Here in the Pacific Northwest, we’re just entering into the fall, but in the calendar of Chinese medicine, fall has already been here for a month. The autumnal equinox that we celebrate as fall’s beginning is the midpoint of the season in Chinese thought which observes that while we only now see fall manifest in the world around us, our bodies have been preparing for this change for quite a while. The shift can be subtle; perhaps we find ourselves getting sleepy a little earlier in the evenings as the days shorten, or it can be dramatic; like a sudden unexpected cold or flu. How we treat ourselves through the tides of the seasons is often the deciding factor in how we weather the changing weather.
Fortunately, the classic text of Chinese medicine, Huang Di Nei Jing, has advice for us on how to manage:
These three months of autumn are called ‘flourishing and balance’. The atmosphere is tense and the air of the earth is bright. Retire early and rise early, as the chickens do. Make the thoughts calm and tranquil, to slow the punishments of the autumn. Exercise restraint of the mind in balance with the season’s spirit. Don't race outside, but make the breath clear. This is how to apply [oneself to] the air of autumn. Going against [these principles] will wound the lung. The winter will be draining and little will be stored.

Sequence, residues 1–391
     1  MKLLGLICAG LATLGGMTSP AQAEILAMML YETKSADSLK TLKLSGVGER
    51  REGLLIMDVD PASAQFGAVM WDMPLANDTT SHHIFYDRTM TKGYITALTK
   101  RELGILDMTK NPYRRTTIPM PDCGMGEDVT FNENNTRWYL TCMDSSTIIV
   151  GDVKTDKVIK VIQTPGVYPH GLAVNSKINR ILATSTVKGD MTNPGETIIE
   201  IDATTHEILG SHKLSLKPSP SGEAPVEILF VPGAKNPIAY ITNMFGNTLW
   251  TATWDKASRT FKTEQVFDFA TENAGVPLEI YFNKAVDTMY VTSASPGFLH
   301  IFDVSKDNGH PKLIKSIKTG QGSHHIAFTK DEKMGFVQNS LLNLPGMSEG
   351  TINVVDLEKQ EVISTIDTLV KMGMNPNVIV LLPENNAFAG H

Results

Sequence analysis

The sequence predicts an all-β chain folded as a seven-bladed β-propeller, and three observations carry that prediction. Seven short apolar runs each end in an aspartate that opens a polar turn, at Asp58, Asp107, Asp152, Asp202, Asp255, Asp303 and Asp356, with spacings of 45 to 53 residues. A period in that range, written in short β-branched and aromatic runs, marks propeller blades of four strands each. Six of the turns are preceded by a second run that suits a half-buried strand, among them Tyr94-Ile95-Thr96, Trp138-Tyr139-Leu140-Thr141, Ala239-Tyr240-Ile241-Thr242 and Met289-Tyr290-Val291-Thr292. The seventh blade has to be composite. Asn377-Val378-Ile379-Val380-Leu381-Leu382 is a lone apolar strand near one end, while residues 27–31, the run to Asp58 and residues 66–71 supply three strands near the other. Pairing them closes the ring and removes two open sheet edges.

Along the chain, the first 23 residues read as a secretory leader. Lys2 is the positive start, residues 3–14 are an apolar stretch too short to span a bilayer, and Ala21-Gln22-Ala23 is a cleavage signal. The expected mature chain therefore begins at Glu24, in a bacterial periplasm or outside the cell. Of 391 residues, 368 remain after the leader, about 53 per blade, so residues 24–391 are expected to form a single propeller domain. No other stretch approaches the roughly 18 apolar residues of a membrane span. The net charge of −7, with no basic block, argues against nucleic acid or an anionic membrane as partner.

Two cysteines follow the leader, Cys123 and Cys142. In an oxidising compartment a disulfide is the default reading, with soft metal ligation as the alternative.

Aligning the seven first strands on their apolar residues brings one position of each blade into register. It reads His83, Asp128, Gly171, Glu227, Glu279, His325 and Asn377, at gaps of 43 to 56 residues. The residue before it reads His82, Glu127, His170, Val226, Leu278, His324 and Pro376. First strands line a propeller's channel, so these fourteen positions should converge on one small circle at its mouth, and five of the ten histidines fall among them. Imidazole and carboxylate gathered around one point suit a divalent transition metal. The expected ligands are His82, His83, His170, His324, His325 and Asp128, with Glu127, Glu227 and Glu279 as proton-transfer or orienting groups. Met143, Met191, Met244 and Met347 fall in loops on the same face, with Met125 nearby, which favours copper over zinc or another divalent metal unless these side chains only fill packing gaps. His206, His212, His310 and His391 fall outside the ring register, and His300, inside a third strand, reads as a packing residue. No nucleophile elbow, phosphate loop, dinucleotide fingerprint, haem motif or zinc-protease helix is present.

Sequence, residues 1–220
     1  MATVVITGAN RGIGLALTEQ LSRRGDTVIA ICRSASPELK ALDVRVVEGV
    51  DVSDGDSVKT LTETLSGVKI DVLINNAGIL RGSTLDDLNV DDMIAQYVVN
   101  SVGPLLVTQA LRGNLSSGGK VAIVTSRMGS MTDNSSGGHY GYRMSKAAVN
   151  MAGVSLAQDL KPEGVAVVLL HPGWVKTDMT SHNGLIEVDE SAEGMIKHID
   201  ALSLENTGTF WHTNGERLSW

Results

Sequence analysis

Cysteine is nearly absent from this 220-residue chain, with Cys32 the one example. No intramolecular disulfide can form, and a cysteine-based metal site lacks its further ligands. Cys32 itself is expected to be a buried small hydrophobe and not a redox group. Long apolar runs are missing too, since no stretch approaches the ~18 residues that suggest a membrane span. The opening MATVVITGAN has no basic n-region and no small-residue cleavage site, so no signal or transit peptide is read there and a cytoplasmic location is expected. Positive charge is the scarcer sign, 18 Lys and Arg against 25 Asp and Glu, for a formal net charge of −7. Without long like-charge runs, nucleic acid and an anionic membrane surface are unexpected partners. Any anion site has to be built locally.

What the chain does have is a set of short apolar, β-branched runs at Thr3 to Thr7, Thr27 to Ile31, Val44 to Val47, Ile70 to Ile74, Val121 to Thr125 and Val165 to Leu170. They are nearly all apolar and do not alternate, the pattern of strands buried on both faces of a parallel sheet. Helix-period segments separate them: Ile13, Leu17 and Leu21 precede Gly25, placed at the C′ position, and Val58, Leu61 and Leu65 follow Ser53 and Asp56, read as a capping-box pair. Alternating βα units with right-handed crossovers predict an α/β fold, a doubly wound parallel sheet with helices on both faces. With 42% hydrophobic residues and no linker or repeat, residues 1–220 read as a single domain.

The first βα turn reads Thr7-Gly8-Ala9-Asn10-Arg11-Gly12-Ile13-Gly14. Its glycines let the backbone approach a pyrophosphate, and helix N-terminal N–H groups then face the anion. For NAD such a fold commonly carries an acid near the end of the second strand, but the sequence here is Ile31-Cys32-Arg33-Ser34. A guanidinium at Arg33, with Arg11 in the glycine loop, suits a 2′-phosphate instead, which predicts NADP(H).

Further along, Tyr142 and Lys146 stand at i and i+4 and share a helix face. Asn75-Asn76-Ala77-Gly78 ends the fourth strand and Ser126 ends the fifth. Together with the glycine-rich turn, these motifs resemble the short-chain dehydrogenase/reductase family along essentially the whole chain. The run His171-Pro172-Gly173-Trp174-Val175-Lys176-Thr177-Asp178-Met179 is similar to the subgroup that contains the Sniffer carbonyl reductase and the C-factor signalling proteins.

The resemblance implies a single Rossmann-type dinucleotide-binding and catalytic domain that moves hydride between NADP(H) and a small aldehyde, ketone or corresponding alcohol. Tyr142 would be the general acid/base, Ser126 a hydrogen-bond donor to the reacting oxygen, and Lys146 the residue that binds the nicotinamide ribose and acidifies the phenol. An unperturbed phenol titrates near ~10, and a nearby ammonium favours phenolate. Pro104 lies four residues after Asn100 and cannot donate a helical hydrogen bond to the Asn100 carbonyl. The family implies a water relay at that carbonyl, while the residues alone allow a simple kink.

-Huang Di Nei Jing Su Wen Chapter 2
This period can be punishing, as the light becomes shorter and the nights get colder. It's the beginning of flu season and it's easy for us to overdo it and open ourselves up to what the Nei Jing calls the “robber winds” of the fall. This is the time to begin the conservation that will get us through the lean months of winter. Turning in a bit earlier, relaxing in our free time, and allowing our minds to become calm; we can prepare for the season to come. We still rise early, and we still work hard. We aren't yet in hibernation, but we are treating ourselves gently. Racing about and working late will only tax our resilience and leave us vulnerable, so we breathe easy and we take time to nourish ourselves. The autumn requires balance. The heat and vibrancy of summer have past, but the long dark of winter hasn't yet set in. This is also the harvest period, when we enjoy what we’ve grown. We eat warmly and well, we take our time, and we settle in. Conscientious, in thought and in action, we avoid spending the reserves we’ll need in the next few months. We luxuriate in the flourishing harvest, but we store up for the coming cold.
- Brad Hamiln LAc, MAcOM.